Last week, as I was riding into work with a coworker, we were reminiscing about our first experiences with computers. Coincidentally, we both got our start on Radio Shack's TRS-80 Model I in the late 1970's. Back then, there were only a couple notable players in the personal computer world, Apple with it's Apple II, Radio Shack with their Model I and II, and the Commodore PET.
If you've ever worked with the TRS-80 Model I you'll remember commands like CLOAD and SYSTEM to read programs from the tape drive. In its most common configuration, there was no file system or operating system and BASIC was built into ROM (courtesy of Bill Gates). One of Microsoft's first big sales was licensing its BASIC interpreter, for around $50K, to John Roach, the chairman of Tandy, to ship with the TRS-80.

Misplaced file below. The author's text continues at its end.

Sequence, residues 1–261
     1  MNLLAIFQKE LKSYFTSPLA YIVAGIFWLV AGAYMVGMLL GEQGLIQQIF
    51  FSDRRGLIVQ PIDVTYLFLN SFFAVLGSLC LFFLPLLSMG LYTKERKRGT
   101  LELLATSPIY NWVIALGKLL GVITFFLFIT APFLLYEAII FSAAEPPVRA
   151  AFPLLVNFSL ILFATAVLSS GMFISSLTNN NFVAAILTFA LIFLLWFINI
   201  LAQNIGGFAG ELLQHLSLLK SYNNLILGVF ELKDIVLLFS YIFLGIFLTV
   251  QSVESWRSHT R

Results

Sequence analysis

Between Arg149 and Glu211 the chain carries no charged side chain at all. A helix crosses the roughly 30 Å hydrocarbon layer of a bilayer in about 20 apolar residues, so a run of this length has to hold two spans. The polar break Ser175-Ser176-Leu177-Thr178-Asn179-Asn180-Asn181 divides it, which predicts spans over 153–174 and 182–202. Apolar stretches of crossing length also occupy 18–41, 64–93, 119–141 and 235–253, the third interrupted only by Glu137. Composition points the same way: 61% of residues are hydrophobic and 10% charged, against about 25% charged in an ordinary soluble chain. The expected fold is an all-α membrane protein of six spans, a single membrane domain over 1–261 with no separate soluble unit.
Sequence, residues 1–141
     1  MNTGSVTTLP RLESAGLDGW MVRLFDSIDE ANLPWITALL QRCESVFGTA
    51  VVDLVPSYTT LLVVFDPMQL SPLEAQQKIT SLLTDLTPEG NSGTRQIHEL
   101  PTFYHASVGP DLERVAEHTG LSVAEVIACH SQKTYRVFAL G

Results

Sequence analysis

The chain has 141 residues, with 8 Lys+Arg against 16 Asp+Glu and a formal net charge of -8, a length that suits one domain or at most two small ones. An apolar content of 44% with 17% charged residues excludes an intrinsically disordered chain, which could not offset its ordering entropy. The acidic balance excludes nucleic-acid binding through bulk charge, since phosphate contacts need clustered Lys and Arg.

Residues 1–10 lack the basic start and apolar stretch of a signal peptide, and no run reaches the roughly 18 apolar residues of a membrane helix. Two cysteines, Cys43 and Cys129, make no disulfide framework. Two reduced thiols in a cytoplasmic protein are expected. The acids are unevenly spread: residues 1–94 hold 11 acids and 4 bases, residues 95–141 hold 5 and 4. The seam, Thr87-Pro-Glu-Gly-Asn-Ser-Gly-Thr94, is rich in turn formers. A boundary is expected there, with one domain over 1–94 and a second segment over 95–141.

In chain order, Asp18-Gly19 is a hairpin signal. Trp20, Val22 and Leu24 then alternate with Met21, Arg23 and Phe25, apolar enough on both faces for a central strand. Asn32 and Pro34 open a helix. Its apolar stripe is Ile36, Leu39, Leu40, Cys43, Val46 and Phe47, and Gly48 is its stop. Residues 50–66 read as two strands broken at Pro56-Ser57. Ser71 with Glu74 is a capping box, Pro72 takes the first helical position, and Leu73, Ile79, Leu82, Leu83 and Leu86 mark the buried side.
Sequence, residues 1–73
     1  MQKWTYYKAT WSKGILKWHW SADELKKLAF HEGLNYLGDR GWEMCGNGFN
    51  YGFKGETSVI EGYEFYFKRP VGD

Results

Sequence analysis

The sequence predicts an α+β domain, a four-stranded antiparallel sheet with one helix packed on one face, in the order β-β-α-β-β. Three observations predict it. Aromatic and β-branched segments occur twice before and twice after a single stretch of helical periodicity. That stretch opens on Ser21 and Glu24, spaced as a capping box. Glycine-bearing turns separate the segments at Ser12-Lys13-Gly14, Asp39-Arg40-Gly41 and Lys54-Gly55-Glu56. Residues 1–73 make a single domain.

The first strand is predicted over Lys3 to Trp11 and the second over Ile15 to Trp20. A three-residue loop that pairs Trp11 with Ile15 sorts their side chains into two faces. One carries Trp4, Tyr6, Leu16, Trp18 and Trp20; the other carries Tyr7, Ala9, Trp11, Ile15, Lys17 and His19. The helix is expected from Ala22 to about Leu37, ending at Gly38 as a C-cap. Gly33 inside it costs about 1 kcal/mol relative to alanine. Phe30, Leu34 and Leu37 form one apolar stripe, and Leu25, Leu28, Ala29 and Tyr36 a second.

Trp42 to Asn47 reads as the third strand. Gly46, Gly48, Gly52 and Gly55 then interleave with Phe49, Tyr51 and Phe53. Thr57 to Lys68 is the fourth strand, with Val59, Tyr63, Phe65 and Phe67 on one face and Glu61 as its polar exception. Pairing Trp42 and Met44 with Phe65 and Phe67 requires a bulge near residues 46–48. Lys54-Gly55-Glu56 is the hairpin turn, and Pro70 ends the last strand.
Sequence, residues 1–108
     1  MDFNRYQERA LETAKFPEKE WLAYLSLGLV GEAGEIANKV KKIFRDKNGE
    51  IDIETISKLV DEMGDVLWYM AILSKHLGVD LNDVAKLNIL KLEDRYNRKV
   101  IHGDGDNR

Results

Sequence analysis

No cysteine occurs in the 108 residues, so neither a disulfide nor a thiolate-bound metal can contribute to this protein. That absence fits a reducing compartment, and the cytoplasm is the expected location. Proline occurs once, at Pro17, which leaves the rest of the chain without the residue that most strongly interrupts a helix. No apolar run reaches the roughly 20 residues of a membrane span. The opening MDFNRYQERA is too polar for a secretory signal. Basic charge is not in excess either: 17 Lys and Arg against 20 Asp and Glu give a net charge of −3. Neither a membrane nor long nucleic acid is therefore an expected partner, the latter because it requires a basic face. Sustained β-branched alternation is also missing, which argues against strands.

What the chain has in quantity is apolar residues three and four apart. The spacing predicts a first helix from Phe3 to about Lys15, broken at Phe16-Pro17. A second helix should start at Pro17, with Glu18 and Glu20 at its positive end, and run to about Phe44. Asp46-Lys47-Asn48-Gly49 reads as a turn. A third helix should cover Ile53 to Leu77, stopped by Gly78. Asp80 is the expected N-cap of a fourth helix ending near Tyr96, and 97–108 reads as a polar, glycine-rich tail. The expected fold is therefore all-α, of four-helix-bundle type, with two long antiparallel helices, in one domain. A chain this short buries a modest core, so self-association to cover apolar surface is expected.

It was pure ecstasy the first time my coworker and I used a BASIC complier on the TRS-80 as our programs executed at seemingly blindingly fast speeds (less than 2 MHz clock cycle). The TRS-80 used Zilog's Z-80 microprocessor - if you've ever programmed it in assembly language, you'll remember that it didn't have multiplication or division in its instruction set so you had to iterate yourself to do that kind of math.